Searching for Glass (303)

Pressed glass swan pieces from Italy

A line of new glass from Italy with figural swan bases resembles 19th century American swan pieces.

Molds of L.G. Wright:

the complete auction buyer's list

Are all of these Fish Dishes Reproductions?

Was this glass fish covered dish ever made before 1940 or are they all reproductions with no old counterpart ever made?

Jadite Glass from China

Low priced reproduction Jadite, pale green opaque glass, was mass produced in China and sold through Cracker Barrel restaurants. New American-made Jadite has been in the market for years.

L.G. Wright Epergne Mold Put Back in Production by Fenton

An epergne mold originally used by L. G. Wright in the 1940s-50s is being put back into production by Fenton Glass.


All of these so-called art glass rolling pins showing up everywhere are new. Most are about 16 long with various body colors of clear, cobalt blue, red, green and other colors. Thick threads of one or more contrasting colors are swirled through the body. The handles are solid glass, the pin is hollow.

New Tumblers in Royal Lace Pattern

Royal Lace has joined the list of depression-era glassware patterns that have been reproduced. The 3 ″ five ounce tumbler has now been made in blue. Hazel Atlas.

Colored Glass Finger Lamp

This new finger lamp was once made by Fenton for a Tennessee lamp parts company. It has a 1 solid brass collar, a transparent light blue body and an applied clear glass handle. The body is 3 5/8 diameter; 3 1/2 to top of collar. Unlike the majority of reproduction oil lamps, the collar on this piece is plastered to the body. Collars on most foreign made oil lamp repros are simply glued.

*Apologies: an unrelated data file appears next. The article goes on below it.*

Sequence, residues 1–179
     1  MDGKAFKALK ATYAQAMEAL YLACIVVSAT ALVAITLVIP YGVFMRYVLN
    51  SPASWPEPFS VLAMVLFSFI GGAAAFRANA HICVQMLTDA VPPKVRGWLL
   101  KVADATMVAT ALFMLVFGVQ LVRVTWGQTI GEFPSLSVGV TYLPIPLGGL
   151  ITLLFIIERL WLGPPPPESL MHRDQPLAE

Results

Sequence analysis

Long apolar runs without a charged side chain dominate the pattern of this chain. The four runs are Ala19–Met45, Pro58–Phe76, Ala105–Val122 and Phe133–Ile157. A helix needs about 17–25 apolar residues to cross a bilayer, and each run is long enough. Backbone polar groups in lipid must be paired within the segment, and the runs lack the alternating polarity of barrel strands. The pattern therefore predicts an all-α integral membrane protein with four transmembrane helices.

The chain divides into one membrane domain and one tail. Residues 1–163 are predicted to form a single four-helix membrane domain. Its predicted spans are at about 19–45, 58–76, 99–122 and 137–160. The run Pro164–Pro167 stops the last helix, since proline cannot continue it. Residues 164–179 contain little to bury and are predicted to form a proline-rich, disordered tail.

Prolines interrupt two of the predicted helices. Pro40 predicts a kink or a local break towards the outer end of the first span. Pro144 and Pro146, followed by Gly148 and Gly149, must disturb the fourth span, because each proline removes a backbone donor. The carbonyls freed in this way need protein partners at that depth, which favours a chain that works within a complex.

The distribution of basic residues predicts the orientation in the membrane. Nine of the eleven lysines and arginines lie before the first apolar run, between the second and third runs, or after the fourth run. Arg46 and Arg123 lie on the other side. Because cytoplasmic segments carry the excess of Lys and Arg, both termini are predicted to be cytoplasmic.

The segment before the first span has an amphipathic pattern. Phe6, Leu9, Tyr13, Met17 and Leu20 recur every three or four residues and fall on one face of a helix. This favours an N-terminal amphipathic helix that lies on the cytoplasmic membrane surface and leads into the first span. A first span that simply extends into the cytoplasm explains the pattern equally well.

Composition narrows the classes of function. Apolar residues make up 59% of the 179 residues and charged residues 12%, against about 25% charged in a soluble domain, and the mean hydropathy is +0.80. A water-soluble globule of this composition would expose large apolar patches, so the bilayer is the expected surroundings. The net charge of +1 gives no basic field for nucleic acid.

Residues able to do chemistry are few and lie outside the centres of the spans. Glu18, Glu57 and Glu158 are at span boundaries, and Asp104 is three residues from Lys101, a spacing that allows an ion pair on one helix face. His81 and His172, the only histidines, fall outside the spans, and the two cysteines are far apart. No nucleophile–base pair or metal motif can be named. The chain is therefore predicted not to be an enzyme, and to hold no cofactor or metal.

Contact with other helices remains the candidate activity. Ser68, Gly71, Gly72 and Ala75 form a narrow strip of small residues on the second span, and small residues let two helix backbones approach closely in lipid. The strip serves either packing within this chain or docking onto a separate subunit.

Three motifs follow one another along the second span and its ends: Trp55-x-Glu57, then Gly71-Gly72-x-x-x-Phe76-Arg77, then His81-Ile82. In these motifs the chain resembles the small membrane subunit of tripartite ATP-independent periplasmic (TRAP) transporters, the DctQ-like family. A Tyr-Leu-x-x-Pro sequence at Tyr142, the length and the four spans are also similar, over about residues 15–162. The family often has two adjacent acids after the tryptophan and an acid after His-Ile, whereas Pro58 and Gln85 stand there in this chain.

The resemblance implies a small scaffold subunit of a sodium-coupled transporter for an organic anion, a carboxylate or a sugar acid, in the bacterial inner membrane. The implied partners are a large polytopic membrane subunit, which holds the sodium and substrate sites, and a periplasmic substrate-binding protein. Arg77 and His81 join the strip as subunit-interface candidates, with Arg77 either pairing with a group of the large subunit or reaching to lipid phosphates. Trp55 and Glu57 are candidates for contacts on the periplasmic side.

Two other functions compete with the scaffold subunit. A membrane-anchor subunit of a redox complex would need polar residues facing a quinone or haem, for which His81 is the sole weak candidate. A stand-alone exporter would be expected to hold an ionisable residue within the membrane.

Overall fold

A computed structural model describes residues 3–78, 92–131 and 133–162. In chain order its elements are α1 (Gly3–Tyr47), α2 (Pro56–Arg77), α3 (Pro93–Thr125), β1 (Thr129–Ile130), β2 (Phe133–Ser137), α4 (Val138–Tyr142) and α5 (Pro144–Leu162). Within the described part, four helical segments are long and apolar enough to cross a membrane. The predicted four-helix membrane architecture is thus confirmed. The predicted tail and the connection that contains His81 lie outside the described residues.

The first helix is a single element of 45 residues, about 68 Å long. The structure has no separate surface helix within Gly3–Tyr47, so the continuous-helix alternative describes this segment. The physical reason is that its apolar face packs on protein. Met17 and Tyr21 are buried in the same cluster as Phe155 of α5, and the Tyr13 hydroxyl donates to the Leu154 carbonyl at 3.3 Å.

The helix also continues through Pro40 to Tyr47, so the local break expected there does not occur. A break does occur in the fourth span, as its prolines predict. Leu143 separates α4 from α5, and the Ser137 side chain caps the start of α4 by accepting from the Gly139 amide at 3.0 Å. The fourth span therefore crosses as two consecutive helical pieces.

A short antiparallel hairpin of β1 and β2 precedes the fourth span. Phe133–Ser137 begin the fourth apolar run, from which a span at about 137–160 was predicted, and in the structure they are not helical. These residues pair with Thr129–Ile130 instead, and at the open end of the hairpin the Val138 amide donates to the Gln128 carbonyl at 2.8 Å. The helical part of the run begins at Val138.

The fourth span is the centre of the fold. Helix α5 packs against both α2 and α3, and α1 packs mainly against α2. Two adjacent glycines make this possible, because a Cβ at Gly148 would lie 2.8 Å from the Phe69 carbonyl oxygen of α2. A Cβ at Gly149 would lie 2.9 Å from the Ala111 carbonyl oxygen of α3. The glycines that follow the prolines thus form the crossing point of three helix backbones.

Dugan "Mary Ann" Vase Reproduced from Original Mold

A vase originally made by the Dugan-Diamond Glass Company, ca. 1915-1920s, has been put back in production with the original molds.

Fake acid-stamped Handel marks on glass shades

Shortly after the September, 2001 issue of ACRN which featured new and old art glass shades went to press, we ran across a set of four glass shades with forged acid-stamped Handel markings. Although the shades were indeed old, estimated ca. 1900-1920s, the acid marks were applied within the last 5-10 years.